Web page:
Eccentric Engineering FoR
|40 forum posts|
Has anybody used the Eccentric Engineering paring tool. I'm thinking of going for it but would appreciate any feedback, its not cheep. I have been using their tangential tool for some time and have no problem with the quality of their products, but would like to know if this parting tool performs compared with other tools on the market.
|john kennedy 1||07/08/2013 12:12:32|
214 forum posts
Heard very good reports about this one **LINK** Can't afford one myself. John
|David Littlewood||07/08/2013 13:08:19|
|533 forum posts|
I would enthusiastically join those John has heard giving good reports about the Q-Cut. I bought one a few years ago, and now I wouldn't use any other type. I've never had a single problem parting off a variety of materials, never needed to use a rear tool post. I have since acquired a larger one of similar pattern for my larger lathe, and that one happily parts off under power cross feed (to my great regret I don't have pxf on my S7).
Though the blade design provides a good rigidity, I think it is the tip geometry which is the really crucial factor, it curls the swarf inwards do it never jams in the cut.
The only time I use any other type is when I'm parting off or grooving tiny parts like micro tubing for O gauge work, when an Interstate Mini-Thin set is the dog's b******s (though a bit expensive).
Remember, the quality is enjoyed long after the pain of the price is forgotten.
Edited By David Littlewood on 07/08/2013 13:10:57
168 forum posts
Plus one for the Q-cut. Never a problem on either the Myford or Hardinge.
|3549 forum posts|
I agree with Q Cut comments, Myford S 7 and Harrison M300, never a problem.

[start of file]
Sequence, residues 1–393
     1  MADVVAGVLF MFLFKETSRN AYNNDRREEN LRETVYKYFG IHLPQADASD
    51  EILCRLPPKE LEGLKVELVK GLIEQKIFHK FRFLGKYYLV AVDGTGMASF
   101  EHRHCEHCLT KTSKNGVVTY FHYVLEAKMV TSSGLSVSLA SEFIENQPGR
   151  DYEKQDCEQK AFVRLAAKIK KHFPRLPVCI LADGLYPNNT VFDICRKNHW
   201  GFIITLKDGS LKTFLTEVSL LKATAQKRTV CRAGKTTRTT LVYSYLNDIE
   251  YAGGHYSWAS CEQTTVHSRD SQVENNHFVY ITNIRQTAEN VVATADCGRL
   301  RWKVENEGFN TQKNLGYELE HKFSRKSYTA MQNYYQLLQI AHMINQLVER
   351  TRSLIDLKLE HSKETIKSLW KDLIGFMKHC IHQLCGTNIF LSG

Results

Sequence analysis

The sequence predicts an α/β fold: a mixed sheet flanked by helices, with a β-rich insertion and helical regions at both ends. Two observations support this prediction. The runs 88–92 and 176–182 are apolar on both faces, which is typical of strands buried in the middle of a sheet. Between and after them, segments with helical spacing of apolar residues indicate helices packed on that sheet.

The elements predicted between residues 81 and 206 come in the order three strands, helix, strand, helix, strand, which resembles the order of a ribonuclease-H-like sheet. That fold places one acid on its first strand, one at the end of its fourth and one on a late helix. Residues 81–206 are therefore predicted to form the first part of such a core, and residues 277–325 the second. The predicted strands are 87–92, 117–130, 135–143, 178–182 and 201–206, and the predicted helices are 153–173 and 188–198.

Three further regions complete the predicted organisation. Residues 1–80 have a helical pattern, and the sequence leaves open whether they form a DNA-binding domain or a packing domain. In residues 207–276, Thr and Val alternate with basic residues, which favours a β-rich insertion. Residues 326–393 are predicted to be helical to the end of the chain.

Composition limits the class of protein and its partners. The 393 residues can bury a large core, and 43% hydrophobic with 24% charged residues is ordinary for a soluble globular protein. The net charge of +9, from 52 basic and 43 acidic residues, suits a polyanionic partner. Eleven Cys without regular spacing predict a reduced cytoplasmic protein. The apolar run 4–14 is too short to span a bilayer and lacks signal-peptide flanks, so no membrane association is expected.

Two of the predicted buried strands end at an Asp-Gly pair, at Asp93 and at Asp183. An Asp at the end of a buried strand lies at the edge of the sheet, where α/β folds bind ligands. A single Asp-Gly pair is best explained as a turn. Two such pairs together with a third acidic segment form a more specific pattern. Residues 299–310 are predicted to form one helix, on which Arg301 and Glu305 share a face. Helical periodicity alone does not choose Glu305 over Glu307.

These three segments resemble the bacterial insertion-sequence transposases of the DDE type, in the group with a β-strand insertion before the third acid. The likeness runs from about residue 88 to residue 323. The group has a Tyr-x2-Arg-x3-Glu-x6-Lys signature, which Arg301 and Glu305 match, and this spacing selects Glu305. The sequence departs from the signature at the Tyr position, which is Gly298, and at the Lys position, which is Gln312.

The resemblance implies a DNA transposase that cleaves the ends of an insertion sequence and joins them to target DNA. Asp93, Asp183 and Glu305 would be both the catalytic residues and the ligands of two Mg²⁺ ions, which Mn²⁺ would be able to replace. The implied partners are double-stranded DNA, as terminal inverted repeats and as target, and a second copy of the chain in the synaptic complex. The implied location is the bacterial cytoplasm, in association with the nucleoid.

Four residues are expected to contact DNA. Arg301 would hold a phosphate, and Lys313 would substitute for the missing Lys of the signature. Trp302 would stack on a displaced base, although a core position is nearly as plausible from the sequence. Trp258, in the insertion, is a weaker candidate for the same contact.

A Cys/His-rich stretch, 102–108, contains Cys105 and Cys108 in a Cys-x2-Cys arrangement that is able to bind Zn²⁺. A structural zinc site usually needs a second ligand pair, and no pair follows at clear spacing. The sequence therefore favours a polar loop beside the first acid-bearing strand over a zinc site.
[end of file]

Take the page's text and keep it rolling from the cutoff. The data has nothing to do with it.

|65 forum posts|
I would also be very interested in any feedback on the Eccentric parting tool.
I note the enthusiasm for the Greenwood tool and have been put off in the past by the price of it and also the cost of replacement inserts at £9.95 each.
The Eccentric blade appears to be easily resharpenable (is that a word??) so although the initial outlay is similar the running cost should be less.
|David Littlewood||07/08/2013 19:29:56|
|533 forum posts||
Jim, I understand your concern, but both my Q-cut and its larger brother (like KWIL, S7 and M300) are still on their original tip after 10 years (S7) and 4 years (M300) of admittedly light amateur use, and showing no sign of wearing out.
Edited By David Littlewood on 07/08/2013 19:30:15
|I.M. OUTAHERE||08/08/2013 01:42:40|
|1468 forum posts|
I have used their tangential tool holder for a few years and find they work very well and are of good quality .
The parting off tool holder as i see it is nothing more than a tool holder that can be turned upside down and uses a pretty standard cutting tool with a slight concave in the cutting surface , this is better than a flat surface but not as good as the Q CUT as i think the concave surface is more pronounced on the insert .
If your Chuck is a screw on type you will need to run the tool holder as a rear part off tool as to mount it at the front you run the machine in reverse as the tool is inverted .
I went the way of a tool similar to a Q CUT and run it in the rear toolpost as my machine is a little flimsy .
Edited By SLOTDRILLER on 08/08/2013 01:52:04
587 forum posts
|Speedy Builder5||08/08/2013 10:51:18|
|2590 forum posts|
Hi Nobby, That looks like its fair buzzin round, no coolant and with at least 1" overhang. You must have your angles and rakes about right. I made a similar back toolpost for a Boxford which used a modified Myford 7 topslide, and it worked pretty well.
|Stub Mandrel||08/08/2013 12:28:51|
4315 forum posts
Mini lathe in action, ten minutes ago.
2" diameter EN1A.
Home made front QCTP toolpost and toolholder using rectangular section 1/16" parting blade (Arc Euro)
Mini lathe modified with roller bearings, and now 3-phase VFD. (the groove to the left of this cut was made using a wider tool and the original DC drive)
No coolant, not even a smear of cutting fluid.
Some noise, but just change teh cutting spead until comfortable.
587 forum posts
Hi Niel , Speedy &Guys
|mick H||08/08/2013 20:22:59|
|766 forum posts|
I have had unhappy experiences with a carbide inser cutter which cost a lot of money and so did the inserts that I managed to break regularly. Put it down to poor workmanship if you like but parting off on my Warco 918, which is quite a lightweight machine, has never been a joyful experience. That is until I fitted 3 phase variable speed drive, since when parting off has been an absolute doddle using conventional parting off blades in a front QCTP. Any material cuts at speeds that I would not previously have dreamed off with the old set up. Why there should be such a significant difference I don't know.
587 forum posts
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